13. In A Story, Tell Only The Story

The story you tell should be the story you tell. Don’t wander far afield. That’s not to say you cannot digress. Digressions are their own kind of peak (or, in many cases, valley). But those digressions serve the whole. Think of stories then not as one line but rather, a skein of many lines. Lines that come together to form a pattern, a blanket, a shirt, a hilarious novelty welcome mat. Only lines that serve the end are woven into play. Digressions, yes. Deviations, no.

14. Big Ideas Do Well In Small Spaces

The audience cannot relate to big ideas. A big idea is, well, too big. Like the Stay Puft Marshmallow Man. Or Unicron, the giant Transformer-that-is-also-a-planet. (I wonder if anyone ever calls him “Unicorn,” and if so, does that irritate him?) You must go macro to micro. Big ideas are shown through small stories: a single character’s experience through the story is so much better than the 30,000-foot-view.

15. Backstory Is A Frozen Lake Whose Ice Is Wafer Thin

Backstory in narrative — and, ultimately, exposition in general — is sometimes a grim necessity, but it is best to approach it like a lake of thin ice. Quick delicate steps across to get to the other side. Linger too long or grow heavy in the telling and the ice will crack and you will plunge into the frigid depths. And then you get hypothermia. And then you will be eaten by an Ice Hag. True story.

16. Characters Are The Vehicle That Carry Us Into (And Through) The Tale

The best stories are the stories of people, and that means it’s people — characters — that get us through the story. They are the dune buggies and Wave Runners on which the audience rides. Like Yoda on Luke’s back. Above all else, a story must have interesting characters, characters who the audience can see themselves in, even if only in a small way. Failing that, what’s the point?

17. Villains Have Mothers

Unless we’re talking about SkyNet, villains were children once upon a time. Which means they have mothers. Imagine that: even the meanest characters have mothers, mothers who may even have loved them once. They’re people, not mustache-twirling sociopaths born free from a vagina made of fiery evil. Nobody sees themselves as a villain. We’re all solipsistic. We’re all the heroes of our own tales. Even villains.

18. Heroes Have Broken Toys

Just as villains see themselves doing good, heroes are capable of doing or being bad. Complexity of character — believable complexity — is a feature, not a bug. Nothing should be so simple as unswerving heroism, nor should it be as cut-and-dry as straight-up-malefic motherfuckery. Black and white grows weary. More interesting is how dark the character’s many shades of gray may become before brightening.

19. Strip Skin Off Bones To See How It Works

A story can be cut to a thin slice of steak and still be juicy as anything. To learn how to tell stories, tell small stories as well as large ones. Find a way to tell a story in as few beats as possible. Look for its constituent parts. Put them together, take them apart. See how it plays and lays. Some limbs are vestigial.

20. Beginnings Are For Assholes…

The audience begins where you tell them. They don’t need to begin at the beginning. If I tell the story of a Brooklynite, I don’t need to speak of his birth, or the origins of Brooklyn, or how the Big Bang barfed up asteroids and dinosaurs and a flock of incestuous gods. You start where it matters. You start where it’s most interesting. You begin as late in the tale as you can. The party guest who comes late is always the most interesting one. Even still, it’s worth noting…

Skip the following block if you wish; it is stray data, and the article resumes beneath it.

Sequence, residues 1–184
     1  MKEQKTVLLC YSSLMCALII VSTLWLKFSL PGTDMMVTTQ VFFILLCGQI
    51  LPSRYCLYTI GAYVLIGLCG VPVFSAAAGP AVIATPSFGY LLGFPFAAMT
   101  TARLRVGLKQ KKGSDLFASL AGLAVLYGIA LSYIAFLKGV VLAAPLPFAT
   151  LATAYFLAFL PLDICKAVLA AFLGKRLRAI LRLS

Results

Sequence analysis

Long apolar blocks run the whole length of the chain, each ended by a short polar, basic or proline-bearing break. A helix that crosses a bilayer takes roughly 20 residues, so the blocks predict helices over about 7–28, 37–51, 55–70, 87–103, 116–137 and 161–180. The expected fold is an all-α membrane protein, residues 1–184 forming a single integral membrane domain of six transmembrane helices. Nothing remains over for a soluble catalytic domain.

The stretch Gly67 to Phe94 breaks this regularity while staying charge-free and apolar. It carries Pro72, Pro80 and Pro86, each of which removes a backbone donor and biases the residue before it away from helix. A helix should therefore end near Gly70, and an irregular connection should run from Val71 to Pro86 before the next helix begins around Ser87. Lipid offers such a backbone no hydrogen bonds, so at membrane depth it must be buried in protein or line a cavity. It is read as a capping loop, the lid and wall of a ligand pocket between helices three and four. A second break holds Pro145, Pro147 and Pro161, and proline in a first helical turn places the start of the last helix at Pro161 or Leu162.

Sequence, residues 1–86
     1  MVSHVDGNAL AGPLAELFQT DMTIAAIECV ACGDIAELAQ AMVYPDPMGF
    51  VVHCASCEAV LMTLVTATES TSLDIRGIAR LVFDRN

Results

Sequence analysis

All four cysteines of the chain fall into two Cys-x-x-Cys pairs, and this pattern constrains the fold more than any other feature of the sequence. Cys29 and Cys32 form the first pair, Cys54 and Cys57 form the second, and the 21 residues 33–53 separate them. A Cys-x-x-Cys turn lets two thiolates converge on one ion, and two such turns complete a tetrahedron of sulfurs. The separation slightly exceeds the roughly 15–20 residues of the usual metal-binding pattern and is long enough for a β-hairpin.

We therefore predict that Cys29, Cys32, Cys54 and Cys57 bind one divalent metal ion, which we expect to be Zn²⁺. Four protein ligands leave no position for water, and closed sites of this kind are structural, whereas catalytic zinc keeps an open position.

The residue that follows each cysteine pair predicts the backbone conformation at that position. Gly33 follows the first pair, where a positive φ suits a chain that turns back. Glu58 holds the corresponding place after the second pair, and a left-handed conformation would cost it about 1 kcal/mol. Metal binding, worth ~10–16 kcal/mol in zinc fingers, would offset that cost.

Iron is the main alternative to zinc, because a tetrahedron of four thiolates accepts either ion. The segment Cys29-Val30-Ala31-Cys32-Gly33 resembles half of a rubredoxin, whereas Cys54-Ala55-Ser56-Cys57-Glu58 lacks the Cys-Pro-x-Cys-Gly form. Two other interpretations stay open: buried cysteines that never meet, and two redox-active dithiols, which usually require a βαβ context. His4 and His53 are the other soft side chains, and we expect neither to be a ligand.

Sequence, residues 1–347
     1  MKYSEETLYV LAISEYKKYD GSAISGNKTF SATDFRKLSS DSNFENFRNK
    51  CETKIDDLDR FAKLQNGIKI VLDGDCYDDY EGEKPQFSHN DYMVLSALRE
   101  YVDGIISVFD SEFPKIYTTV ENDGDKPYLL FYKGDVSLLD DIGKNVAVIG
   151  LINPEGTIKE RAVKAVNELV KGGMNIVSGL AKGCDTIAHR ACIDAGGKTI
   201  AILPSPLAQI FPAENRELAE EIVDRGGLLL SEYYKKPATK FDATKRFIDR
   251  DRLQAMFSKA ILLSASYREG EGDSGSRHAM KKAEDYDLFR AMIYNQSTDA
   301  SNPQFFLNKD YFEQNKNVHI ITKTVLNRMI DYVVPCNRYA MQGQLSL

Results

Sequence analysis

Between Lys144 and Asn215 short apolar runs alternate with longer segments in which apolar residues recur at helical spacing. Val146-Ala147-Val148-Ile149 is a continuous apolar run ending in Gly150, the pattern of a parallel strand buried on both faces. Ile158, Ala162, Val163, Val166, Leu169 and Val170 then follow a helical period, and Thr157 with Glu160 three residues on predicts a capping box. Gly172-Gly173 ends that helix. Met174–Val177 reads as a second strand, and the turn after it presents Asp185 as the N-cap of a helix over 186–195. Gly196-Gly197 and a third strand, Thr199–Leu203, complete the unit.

21. …If You Jump Too Fast Into Waters Too Deep And The Audience Drowns

Jump too swiftly into a narrative and the story grows muddled. We have to become invested first. Go all high-karate-action and we have no context for the characters who are in danger, and no context means we don’t care, and if we don’t care then we’re already packing our bags in the first five minutes or five pages. The audience always needs something very early to get their hands around. This always comes back to the character. Give them reason to care right at the gate. Otherwise, why would they walk through it?

22. Treat Place Like Character

For setting to matter, it must come alive. It must be made to get up and dance, so shoot at its feet. It has a face. It has a personality. It has life. When setting becomes character, the audience will care.

23. Always Ask, Why Do I Want To Tell This?

Storytellers tell specific stories for a reason. You want to scare the kids around a campfire. You want to impress your friends with your exploits. You want to get in somebody’s pants. You hope to make someone cry, or make them cheer, or convey to them a message. Know why you’re telling it. Know what its about — to you above all else, because then you can show everybody else what it’s about. Find that invisible tether that ties you to the story. That tether matters.

24. It’s Okay To Bury The Lede

Every story is about something. Man’s inhumanity to man. How history repeats itself. How karate-ghosts are awesome and how you don’t fuck with a karate-ghost. But you don’t need to slap the audience about the head and neck with it. The truth of the story lives between the lines. This is why Jesus invented “subtext.”

25. Writing Is A Craft, But Storytelling Is An Art

Writing isn’t magic. Writing is math. It’s placing letters and words and sentences after one another to form a grand equation. Writing is the abracadabra — the power word made manifest — but the story that results is the magic. That equation we piece together tells a tale and the arrangement that leads to that tale is where the true art lies, because it takes an ice scraper to pretense and throws an invisible-yet-present tow line from present to past. Writing is craft and mechanics. Storytelling is art and magic.